Add to this some annoying enemies that appear out of nowhere, are placed in really awkward positions, or just come at you in swarms, and the frustration only increases. All of this could probably be tweaked to make things more enjoyable, but it would require quite the overhaul. In the end, I found myself wanting to quit out and just stare at the inanimate clock instead.
Considering that the clock is actually the most exciting part of the game, I’d probably just recommend sticking to the original title if you’re that desperate for a way to keep track of time on your Switch.
I accidentally beat Chalk Gardens whilst recording footage, since the entire experience only lasted around ten minutes. I avoid calling it a game since it revolves around you child hero wandering around the [beautiful] chalk garden as they try to find and speak to all the residents to find out the location of your doll’s missing leg. Their responses act as clues, but don’t really offer anything of any importance as you pretty much need to explore everywhere before you can trigger the endgame.
In order to search everywhere, you’ll need to trigger events by finding blank hats, and then choosing from one of the three ‘morality’ choices to proceed; there’s the courageous lion response, the relaxed turtle, and the wise owl to choose from – but only a couple of events really require a certain choice. Upon making a choice, you’ll level up that attribute and be able to proceed past certain gated-off segments. There’s no real way to fail the game, so it all feels rather relaxed as you wander around and see what the world has to offer.
Chalk Gardens is a really chilled out experience, even if there’s not a huge amount to it. Despite the cheap price tag, I’d recommend only grabbing in a sale due to the low amount on offer – and even then, you should probably be aware that the title is aimed at a very young audience.
The final game in the roundup was one that caught my eye from its initial announcement. Promising an absolutely bonkers Puzzle / Tower Defence game experience, Fluffy Horde seemed like it’d offer a silly way to unwind.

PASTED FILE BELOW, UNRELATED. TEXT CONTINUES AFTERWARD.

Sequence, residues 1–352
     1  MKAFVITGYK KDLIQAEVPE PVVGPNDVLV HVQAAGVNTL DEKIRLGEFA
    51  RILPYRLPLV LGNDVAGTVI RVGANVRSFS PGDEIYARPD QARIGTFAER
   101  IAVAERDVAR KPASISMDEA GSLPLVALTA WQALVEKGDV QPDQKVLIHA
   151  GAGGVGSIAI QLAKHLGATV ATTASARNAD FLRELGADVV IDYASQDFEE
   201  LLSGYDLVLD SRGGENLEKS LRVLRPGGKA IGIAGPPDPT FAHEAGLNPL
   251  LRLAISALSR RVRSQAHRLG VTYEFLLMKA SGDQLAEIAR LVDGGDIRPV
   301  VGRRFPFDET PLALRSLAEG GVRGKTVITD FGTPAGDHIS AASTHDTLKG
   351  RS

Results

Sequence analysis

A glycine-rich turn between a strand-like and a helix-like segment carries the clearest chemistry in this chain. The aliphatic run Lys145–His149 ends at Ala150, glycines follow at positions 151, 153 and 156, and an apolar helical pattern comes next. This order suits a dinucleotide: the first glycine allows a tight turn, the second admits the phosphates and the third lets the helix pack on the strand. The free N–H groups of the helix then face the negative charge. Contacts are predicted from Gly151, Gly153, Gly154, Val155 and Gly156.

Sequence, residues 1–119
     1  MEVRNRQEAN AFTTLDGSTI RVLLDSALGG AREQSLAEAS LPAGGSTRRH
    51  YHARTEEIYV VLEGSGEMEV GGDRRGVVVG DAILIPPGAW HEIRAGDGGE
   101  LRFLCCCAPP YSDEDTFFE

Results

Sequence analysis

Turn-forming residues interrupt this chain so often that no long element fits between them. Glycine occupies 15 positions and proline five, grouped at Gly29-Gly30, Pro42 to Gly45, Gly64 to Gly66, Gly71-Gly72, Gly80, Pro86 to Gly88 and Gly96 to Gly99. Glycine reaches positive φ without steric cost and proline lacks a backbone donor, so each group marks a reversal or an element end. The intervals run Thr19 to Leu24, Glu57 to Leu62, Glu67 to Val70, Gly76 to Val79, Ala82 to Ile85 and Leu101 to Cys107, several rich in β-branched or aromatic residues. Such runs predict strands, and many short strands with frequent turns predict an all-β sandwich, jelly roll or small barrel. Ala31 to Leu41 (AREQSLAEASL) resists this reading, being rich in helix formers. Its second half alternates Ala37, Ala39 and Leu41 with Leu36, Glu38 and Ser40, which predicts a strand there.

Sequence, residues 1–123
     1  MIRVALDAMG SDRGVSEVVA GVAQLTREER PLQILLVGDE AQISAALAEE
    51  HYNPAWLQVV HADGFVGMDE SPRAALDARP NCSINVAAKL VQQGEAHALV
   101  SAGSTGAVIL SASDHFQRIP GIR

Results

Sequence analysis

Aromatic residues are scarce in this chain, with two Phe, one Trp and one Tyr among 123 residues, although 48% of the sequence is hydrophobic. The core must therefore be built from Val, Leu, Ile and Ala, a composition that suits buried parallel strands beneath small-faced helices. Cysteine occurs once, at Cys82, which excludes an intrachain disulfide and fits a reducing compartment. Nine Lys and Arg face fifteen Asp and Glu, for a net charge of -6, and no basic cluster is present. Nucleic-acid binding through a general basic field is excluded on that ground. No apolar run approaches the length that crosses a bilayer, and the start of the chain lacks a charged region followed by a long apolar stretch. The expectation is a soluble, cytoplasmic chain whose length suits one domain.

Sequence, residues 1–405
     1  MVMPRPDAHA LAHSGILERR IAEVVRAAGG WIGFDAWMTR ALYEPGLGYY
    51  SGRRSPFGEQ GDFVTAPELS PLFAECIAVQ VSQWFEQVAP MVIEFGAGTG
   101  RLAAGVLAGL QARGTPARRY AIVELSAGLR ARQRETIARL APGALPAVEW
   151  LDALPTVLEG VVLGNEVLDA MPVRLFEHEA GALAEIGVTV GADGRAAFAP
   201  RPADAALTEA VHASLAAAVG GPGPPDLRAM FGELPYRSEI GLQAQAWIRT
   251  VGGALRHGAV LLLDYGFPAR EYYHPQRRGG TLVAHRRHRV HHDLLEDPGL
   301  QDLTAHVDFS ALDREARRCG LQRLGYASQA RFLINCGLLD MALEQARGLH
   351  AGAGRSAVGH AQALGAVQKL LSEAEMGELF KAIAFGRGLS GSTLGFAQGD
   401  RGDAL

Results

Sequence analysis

As with most games in the genre, the story is only really there to set up the theming: an evil wizard seeks to destroy the kingdom by summoning a horde of deadly bunnies that will rip and tear everything in their path. Whilst it aims to have a medieval theming at heart, its baffling inclusion of social influencer princesses and mechs only really add to the overall ridiculousness of the game.
Playing out in short levels that typically take no longer than a couple of minutes to beat, you are tasked with protecting the kingdom from the incoming threat of cuteness. Things aren’t explained particularly well, but it’s actually surprisingly simple. Units you have built can be moved by selecting and relocating their flag, which also displays the unit’s attack area too. Should you have multiple fellas, you can drag and highlight multiple flags to arrange them how you see fit. With money (generated by farms), you can either get more troops or upgrade your existing ones.
Whilst the game is technically a Tower Defence game, you really protect your tower (windmills, for whatever reason) only some of the time. Other levels have you protecting a princess who wants to hang out with her friends, pushing a big bunny off a cliff, or just slaughtering everything. Many of the levels play out more like puzzles rather than a simple tower defense too, so pinning down a specific genre can be pretty tricky – but it’s incredibly fun regardless.
Fluffy Horde offers a really unique and silly experience that is both addictive and satisfying. Not only is it a title that is incredibly hard to put down, it may even by my new favourite game by Red Deer Games!
And so ends our second RedDeer Roundup! I hope you enjoyed this little look at the array of titles released earlier this month by Red Deer Games.
Stay tuned for later in the month where we’ll continue our animal theme a little further with some very milky cows!